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Emotion Classification: How Does an Automated System Compare to Naive Human Coders?

Abstract: 

The fact that emotions play a vital role in social interactions, along with the demand for novel human-computer interaction applications, have led to the development of a number of automatic emotion classification systems. However, it is still debatable whether the performance of such systems can compare with human coders. To address this issue, in this study, we present a comprehensive comparison in a speech-based emotion classification task between 138 Amazon Mechanical Turk workers (Turkers) and a state-of-the-art automatic computer system. The comparison includes classifying speech utterances into six emotions (happy, neutral, sad, anger, disgust and fear), into three arousal classes (active, passive, and neutral), and into three valence classes (positive, negative, and neutral). The results show that the computer system outperforms the naive Turkers in almost all cases. Furthermore, the computer system can increase the classification accuracy by rejecting to classify utterances for which it is not confident, while the Turkers do not show a significantly higher classification accuracy on their confident utterances versus unconfident ones.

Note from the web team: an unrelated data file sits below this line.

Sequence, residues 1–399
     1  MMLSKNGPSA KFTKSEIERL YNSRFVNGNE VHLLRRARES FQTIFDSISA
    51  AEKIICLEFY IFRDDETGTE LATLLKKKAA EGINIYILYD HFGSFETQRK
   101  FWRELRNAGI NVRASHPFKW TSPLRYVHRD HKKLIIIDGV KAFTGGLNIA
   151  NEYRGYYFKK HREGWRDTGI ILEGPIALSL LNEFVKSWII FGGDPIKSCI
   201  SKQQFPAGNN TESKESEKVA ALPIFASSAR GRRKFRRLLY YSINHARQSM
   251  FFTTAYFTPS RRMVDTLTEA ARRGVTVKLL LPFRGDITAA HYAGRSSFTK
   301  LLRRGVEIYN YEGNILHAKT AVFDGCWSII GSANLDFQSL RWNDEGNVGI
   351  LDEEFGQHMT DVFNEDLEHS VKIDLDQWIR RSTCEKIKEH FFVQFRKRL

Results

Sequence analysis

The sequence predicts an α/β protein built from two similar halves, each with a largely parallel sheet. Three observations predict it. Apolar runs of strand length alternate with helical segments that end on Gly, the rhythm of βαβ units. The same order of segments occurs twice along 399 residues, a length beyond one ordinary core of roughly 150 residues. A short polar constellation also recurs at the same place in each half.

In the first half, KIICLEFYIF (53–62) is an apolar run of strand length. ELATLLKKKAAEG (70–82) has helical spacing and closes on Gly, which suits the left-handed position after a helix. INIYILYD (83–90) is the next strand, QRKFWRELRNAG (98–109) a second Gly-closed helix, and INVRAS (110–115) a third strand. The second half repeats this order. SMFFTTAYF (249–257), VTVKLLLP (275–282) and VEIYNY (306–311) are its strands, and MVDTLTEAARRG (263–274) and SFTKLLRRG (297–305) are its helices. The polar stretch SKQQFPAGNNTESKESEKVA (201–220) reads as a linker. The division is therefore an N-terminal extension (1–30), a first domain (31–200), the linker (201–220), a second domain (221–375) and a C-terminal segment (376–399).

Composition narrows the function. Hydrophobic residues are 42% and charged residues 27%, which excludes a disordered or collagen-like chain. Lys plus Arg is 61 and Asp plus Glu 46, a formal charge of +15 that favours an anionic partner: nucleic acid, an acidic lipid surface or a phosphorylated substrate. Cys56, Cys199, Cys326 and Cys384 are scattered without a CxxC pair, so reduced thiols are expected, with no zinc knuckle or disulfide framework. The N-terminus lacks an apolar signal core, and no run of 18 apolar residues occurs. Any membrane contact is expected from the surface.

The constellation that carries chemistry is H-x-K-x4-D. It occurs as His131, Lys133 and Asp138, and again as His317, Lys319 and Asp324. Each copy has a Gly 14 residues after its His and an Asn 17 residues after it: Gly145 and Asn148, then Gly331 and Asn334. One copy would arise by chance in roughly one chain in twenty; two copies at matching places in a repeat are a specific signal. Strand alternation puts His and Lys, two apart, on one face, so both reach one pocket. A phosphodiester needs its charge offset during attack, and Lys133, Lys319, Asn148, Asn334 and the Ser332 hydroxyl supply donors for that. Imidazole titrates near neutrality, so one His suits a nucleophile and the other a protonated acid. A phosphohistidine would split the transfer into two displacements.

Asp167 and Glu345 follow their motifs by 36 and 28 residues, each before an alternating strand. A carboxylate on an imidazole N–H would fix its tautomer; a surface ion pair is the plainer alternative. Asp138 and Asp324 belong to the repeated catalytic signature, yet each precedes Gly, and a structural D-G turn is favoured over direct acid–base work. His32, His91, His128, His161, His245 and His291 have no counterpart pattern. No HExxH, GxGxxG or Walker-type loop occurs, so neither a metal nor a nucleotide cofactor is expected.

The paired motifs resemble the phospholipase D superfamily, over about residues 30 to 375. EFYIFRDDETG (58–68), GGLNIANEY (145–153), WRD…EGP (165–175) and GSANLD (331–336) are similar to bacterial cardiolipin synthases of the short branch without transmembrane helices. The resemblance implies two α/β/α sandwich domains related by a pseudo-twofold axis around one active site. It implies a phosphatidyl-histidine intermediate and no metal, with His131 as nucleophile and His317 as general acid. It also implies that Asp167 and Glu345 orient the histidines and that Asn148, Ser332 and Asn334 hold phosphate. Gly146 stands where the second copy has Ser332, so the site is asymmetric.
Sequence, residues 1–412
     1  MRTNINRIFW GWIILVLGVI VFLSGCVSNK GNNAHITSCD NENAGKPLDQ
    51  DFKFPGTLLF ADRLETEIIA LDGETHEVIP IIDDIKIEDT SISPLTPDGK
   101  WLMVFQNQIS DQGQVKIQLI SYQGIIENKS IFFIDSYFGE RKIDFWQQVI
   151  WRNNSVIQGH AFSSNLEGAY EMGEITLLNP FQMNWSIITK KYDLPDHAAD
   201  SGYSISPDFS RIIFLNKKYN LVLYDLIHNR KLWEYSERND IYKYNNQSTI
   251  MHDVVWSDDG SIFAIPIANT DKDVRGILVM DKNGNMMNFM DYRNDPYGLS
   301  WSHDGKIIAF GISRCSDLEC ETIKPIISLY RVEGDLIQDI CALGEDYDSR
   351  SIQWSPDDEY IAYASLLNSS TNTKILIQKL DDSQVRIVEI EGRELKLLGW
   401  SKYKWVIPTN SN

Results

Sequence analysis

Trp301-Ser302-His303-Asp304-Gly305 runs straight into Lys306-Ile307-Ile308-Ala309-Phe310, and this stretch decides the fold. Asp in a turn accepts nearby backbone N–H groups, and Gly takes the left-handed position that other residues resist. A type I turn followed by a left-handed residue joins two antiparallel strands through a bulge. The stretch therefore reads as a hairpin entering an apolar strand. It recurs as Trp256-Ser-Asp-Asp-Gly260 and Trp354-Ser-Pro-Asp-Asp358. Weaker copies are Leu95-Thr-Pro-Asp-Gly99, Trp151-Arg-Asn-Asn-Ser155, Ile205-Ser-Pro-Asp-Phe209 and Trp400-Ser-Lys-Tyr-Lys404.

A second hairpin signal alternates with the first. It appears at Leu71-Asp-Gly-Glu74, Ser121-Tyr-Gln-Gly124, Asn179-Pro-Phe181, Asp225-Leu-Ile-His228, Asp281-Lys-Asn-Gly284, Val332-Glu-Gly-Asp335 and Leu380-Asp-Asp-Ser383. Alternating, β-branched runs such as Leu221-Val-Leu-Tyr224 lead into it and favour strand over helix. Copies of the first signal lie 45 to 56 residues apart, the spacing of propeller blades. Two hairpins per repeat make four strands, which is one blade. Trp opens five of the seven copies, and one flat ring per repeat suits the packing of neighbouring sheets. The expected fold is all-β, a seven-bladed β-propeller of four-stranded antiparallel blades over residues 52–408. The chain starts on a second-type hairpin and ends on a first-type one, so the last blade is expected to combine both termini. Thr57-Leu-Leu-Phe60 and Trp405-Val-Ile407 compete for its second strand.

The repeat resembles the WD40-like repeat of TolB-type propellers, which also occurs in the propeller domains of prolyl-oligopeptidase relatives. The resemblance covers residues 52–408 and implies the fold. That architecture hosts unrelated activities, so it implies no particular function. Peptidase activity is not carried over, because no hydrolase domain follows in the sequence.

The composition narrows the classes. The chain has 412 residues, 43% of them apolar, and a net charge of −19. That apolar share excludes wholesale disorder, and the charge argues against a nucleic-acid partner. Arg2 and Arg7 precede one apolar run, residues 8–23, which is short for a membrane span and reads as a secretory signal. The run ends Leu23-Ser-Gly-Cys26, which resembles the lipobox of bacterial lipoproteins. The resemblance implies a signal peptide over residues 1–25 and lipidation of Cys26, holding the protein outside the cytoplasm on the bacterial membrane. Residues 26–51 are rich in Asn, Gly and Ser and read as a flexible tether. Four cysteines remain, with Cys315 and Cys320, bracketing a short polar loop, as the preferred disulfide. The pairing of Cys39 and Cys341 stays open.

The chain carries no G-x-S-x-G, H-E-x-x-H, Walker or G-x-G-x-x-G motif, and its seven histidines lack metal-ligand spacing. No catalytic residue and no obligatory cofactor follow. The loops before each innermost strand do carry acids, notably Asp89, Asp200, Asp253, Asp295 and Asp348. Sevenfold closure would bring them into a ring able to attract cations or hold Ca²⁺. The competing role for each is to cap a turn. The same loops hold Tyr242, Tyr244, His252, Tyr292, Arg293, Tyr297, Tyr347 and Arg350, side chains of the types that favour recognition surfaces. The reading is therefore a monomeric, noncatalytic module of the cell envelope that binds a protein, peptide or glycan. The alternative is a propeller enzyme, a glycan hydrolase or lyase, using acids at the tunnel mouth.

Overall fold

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Paper Details

Authors:
Kenneth Imade, Na Yang, Melissa Sturge-Apple, Zhiyao Duan, Wendi Heinzelman
Submitted On:
17 March 2016 - 3:26pm
Short Link:
Type:
Presentation Slides
Event:
Presenter's Name:
Wendi Heinzelman
Document Year:
2016
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Document Files

EmotionICASSP16.pdf

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[1] Kenneth Imade, Na Yang, Melissa Sturge-Apple, Zhiyao Duan, Wendi Heinzelman, "Emotion Classification: How Does an Automated System Compare to Naive Human Coders?", IEEE SigPort, 2016. [Online]. Available: http://sigport.org/749. Accessed: Sep. 16, 2019.
@article{749-16,
url = {http://sigport.org/749},
author = {Kenneth Imade; Na Yang; Melissa Sturge-Apple; Zhiyao Duan; Wendi Heinzelman },
publisher = {IEEE SigPort},
title = {Emotion Classification: How Does an Automated System Compare to Naive Human Coders?},
year = {2016} }
TY - EJOUR
T1 - Emotion Classification: How Does an Automated System Compare to Naive Human Coders?
AU - Kenneth Imade; Na Yang; Melissa Sturge-Apple; Zhiyao Duan; Wendi Heinzelman
PY - 2016
PB - IEEE SigPort
UR - http://sigport.org/749
ER -
Kenneth Imade, Na Yang, Melissa Sturge-Apple, Zhiyao Duan, Wendi Heinzelman. (2016). Emotion Classification: How Does an Automated System Compare to Naive Human Coders?. IEEE SigPort. http://sigport.org/749
Kenneth Imade, Na Yang, Melissa Sturge-Apple, Zhiyao Duan, Wendi Heinzelman, 2016. Emotion Classification: How Does an Automated System Compare to Naive Human Coders?. Available at: http://sigport.org/749.
Kenneth Imade, Na Yang, Melissa Sturge-Apple, Zhiyao Duan, Wendi Heinzelman. (2016). "Emotion Classification: How Does an Automated System Compare to Naive Human Coders?." Web.
1. Kenneth Imade, Na Yang, Melissa Sturge-Apple, Zhiyao Duan, Wendi Heinzelman. Emotion Classification: How Does an Automated System Compare to Naive Human Coders? [Internet]. IEEE SigPort; 2016. Available from : http://sigport.org/749